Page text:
Big Bell known to be unstable before rockfall

NEW Hampton Goldfields is remaining tight lipped about the circumstances surrounding the death of a miner at its Big Bell gold mine near Cue in Western Australia on Saturday.


Workers were rockbolting in an area of the mine known to be unstable before the tragedy occurred.

The company had recently contracted experts to advise on seismic activity at the mine, state mining engineer Jim Torlach of Western Australia's Department of Minerals and Energy said at the fifth Minesafe International conference underway in Perth.

"In recent months, knowing they had a difficult ground problem, they employed the best people in the world to advise them on it, " Torlach said.

"So they were putting their resources into safety."

Details of the circumstances surrounding the tragic death of miner Rodney George Criddle, 42, of Geraldton, are sparse.

"They were in the process of drilling rockbolts to reinforce the ground," Torlach said.

"What has caused such a rockfall I don't know, but I gather in the process of drilling a substantial fall of ground has occurred.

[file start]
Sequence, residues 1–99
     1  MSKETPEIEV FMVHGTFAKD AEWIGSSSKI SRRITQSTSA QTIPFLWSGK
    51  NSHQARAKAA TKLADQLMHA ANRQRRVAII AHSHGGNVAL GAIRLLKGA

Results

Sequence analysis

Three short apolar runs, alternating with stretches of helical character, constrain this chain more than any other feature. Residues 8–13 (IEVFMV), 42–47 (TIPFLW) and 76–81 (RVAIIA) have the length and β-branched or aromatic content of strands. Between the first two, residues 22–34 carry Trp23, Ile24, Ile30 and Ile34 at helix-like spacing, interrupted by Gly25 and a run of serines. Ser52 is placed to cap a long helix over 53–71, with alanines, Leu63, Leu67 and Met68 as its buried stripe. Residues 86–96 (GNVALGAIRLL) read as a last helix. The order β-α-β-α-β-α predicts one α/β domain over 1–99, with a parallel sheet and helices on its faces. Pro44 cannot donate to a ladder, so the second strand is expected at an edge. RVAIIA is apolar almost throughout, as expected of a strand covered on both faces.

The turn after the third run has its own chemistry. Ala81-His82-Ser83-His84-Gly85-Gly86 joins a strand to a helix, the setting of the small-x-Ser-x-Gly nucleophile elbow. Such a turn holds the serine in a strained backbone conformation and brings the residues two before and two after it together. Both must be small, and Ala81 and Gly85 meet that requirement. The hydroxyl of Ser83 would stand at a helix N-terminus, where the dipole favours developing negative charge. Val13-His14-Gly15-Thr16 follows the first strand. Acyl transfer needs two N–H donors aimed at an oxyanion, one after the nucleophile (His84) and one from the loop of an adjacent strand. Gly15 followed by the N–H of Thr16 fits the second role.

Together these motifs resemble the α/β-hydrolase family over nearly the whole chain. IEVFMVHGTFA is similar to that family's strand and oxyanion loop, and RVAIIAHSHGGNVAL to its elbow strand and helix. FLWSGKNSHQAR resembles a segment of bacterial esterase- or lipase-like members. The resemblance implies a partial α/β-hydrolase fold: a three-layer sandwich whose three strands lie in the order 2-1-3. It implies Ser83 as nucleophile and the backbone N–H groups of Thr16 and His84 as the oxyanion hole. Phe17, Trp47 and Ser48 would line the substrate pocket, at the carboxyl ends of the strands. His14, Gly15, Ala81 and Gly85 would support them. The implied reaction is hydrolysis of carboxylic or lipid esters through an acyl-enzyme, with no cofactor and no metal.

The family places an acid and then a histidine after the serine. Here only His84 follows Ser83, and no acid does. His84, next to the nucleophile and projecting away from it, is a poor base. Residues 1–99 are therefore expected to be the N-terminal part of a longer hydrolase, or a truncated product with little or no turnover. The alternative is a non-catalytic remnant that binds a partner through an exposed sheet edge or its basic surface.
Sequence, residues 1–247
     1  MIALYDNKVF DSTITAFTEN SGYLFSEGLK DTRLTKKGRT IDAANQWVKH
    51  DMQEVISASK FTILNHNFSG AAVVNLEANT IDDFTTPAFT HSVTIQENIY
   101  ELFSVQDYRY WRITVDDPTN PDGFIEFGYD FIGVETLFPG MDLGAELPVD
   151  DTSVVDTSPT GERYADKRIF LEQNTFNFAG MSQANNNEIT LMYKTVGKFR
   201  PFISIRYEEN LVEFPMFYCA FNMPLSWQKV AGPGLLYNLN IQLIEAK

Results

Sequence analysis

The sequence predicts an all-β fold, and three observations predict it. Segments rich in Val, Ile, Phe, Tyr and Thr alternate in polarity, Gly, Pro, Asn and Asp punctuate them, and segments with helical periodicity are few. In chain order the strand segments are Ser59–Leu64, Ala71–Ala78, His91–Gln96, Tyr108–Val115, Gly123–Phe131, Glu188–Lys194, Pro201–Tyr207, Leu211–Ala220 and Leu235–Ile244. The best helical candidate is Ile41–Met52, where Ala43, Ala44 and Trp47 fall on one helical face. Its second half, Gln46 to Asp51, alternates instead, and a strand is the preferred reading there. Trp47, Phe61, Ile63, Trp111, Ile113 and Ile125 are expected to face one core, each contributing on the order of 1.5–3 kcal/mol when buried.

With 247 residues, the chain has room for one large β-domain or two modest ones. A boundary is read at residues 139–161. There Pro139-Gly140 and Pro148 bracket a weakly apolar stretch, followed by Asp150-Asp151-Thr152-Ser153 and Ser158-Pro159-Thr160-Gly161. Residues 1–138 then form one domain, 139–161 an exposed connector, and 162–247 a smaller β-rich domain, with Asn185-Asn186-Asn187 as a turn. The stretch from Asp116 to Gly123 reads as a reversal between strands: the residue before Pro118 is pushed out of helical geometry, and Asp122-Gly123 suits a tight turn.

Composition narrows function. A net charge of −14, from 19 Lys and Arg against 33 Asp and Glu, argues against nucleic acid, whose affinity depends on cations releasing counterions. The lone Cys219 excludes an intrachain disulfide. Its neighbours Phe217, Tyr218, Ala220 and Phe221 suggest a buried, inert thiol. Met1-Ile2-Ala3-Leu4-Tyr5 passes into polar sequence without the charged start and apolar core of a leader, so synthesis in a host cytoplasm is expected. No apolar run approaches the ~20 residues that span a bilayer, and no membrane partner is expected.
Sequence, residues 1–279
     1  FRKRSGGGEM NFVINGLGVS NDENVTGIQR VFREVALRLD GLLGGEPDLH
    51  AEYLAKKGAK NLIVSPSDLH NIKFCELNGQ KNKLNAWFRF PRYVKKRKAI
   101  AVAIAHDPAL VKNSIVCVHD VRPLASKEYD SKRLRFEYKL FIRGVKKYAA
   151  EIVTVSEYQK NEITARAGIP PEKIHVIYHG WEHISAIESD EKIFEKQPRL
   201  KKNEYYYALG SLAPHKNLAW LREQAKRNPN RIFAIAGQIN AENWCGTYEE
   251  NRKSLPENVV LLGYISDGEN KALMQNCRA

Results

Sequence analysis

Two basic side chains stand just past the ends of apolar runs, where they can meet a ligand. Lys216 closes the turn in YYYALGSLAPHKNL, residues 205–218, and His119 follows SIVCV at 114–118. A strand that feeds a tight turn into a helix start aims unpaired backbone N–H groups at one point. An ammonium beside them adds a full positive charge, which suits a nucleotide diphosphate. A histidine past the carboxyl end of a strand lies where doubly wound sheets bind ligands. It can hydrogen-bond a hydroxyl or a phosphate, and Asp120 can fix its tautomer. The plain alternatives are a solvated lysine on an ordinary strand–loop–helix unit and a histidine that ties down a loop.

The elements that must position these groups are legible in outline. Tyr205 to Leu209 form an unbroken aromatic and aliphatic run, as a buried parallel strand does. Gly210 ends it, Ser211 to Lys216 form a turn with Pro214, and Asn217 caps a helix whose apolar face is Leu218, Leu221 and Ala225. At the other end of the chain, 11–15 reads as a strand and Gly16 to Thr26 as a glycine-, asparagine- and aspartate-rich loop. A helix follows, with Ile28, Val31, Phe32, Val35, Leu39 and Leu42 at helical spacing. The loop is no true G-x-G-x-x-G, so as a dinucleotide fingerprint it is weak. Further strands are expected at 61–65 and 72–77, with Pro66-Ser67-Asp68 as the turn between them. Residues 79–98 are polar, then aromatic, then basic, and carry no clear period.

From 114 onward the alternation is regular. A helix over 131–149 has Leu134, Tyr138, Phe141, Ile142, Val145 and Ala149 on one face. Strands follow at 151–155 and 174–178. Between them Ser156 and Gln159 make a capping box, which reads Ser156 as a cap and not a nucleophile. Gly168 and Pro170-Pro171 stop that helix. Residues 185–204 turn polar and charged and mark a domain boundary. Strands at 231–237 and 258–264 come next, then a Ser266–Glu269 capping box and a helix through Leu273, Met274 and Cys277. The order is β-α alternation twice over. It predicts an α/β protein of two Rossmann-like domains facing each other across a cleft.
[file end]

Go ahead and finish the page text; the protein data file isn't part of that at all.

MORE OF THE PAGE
"Normally you would put the rockbolts in as you go so it is unusual to get a really substantial fall after this type drilling, although these [at Big Bell] are fairly big headings, so it entirely possible."

The area where the accident occurred was believed to have been closed two months ago due to seismic activity and abandoned until last week for safety reasons.

"I don't know whether this was related to seismic activity or the type of falls you get when loose rock falls down. Until that has been confirmed all you get is speculation," Torlach said.

"Other than that all I can say is the incident is being fully investigated and we are waiting on a full report from the coroner."

Torlach said the trend in WA had been diminishing fatalities and injuries due to rock falls.

"In the last two and half years, up until now, we have gone with only one rock fall fatality, which was the one early last year," he said.

"The previous two years there had been ten. There has also been a substantial fall off of minor injuries due to rock falls."

The sixth mine-related death in WA this year coincided with a call from international mining health and safety experts for tougher sanctions for culpable corporate offenders.

Addressing the Minesafe International conference, Dr Robert Johnstone said there was room for the mining industry to consider incorporating mainstream criminal law (manslaughter and related crimes) into its prosecution procedures.

"A strong stick at the top end will result in greater compliance," he said.


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